Parametric Methods for Analysis of Survival Times with Applications to Organ Transplantation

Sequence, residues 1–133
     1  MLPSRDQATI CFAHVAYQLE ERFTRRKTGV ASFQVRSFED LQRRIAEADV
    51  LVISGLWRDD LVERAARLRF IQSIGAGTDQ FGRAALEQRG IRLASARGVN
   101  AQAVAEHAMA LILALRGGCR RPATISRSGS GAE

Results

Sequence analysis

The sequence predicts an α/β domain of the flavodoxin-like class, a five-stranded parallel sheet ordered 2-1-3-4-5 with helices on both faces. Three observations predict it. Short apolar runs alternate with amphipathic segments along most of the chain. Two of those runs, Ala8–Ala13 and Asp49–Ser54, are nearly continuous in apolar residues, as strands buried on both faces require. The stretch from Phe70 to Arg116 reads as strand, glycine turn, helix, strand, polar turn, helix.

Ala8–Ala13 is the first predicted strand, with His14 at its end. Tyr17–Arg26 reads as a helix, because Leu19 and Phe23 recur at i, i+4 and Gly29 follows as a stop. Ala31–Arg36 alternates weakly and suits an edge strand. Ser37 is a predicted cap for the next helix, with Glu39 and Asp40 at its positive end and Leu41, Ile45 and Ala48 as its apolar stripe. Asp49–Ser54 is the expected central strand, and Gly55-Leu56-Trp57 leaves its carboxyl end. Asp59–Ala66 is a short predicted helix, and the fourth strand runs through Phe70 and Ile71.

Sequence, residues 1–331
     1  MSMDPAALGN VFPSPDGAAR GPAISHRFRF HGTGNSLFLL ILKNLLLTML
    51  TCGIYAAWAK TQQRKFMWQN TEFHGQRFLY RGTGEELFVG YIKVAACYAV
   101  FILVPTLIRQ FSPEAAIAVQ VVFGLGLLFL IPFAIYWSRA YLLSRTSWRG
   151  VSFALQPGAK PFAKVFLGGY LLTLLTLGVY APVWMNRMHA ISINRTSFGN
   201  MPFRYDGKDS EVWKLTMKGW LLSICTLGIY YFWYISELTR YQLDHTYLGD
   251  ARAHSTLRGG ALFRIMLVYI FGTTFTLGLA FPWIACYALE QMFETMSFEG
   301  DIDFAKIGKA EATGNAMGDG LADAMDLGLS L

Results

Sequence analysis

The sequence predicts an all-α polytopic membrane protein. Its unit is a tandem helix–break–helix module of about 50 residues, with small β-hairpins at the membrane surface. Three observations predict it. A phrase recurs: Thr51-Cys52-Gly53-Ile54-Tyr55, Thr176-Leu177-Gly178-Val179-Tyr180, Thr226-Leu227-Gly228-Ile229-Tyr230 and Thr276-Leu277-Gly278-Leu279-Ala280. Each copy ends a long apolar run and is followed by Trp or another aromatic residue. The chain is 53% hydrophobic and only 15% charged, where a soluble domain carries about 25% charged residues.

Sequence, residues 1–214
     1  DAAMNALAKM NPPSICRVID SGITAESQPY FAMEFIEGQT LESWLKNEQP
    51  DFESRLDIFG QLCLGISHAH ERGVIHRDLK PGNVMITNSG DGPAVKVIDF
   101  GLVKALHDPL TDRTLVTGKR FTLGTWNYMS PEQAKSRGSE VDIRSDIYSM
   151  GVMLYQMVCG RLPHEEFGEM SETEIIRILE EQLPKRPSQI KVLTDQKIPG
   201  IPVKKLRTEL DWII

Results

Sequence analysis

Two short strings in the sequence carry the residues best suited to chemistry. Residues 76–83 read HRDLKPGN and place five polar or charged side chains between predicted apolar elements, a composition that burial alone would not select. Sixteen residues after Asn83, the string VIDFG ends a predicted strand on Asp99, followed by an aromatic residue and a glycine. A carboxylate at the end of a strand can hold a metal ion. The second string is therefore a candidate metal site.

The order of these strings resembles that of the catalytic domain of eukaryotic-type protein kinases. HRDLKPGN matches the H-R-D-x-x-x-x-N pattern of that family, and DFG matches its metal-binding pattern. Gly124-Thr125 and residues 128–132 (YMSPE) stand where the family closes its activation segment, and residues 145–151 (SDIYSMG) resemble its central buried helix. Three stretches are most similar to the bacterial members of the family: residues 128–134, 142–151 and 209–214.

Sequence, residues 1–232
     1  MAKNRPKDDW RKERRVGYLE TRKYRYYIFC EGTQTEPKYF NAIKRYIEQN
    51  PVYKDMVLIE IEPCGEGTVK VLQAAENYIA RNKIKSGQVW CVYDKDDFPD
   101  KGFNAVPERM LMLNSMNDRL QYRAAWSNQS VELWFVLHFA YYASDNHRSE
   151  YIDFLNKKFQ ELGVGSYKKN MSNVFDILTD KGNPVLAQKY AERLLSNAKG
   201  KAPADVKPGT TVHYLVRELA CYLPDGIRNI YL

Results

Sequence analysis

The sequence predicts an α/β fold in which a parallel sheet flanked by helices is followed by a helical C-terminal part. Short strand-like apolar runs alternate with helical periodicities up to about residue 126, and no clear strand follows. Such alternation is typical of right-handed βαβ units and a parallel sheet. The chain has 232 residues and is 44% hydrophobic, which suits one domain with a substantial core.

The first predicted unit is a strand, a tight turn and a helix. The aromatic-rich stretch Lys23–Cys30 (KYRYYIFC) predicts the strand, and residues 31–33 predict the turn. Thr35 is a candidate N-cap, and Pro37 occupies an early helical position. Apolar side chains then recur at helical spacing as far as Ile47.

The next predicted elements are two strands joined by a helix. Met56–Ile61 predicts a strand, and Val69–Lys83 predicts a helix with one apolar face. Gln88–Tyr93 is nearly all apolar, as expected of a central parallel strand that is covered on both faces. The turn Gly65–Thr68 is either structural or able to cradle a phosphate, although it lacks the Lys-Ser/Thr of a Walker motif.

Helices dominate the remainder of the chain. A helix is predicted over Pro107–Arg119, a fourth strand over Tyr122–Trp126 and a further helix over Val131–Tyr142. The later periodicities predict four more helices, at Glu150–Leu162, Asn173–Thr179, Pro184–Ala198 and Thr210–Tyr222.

In this dissertation, we have two main objectives. First, we introduce a hybrid method to model hazard function. Different approaches have been used for modeling survival times including parametric, semi-parametric, and non-parametric models. Non-parametric and semi-parametric models are commonly used for survival time analysis due to their flexibility. However, the parametric models are in high demand because of their predictive power. A challenging task is to extend semi-parametric methods and design full parametric models for analysis of survival times by estimating a set of unknown parameters. In the proposed method, the nonparametric estimate of the survival function by Kaplan Meier and the parametric estimate of the logistic function in the Cox proportional hazard by partial likelihood method are combined to estimate a parametric baseline hazard function. We compare the estimated baseline hazard using the proposed method and the Cox model. The performance of each method is measured based on the estimated parameters of the baseline distribution as well as the goodness of fit of the model. The focus of the second goal is to study graft failure in solid organ transplantation. We have studied the impact of donor’s and receiver’s factors such as age, gender, and ethnicity on organ survival. Six different organ types including kidney, liver, heart, lung, pancreas, and intestine are investigated in this study. The dataset includes transplanted organs in the US between 1987 and 2010.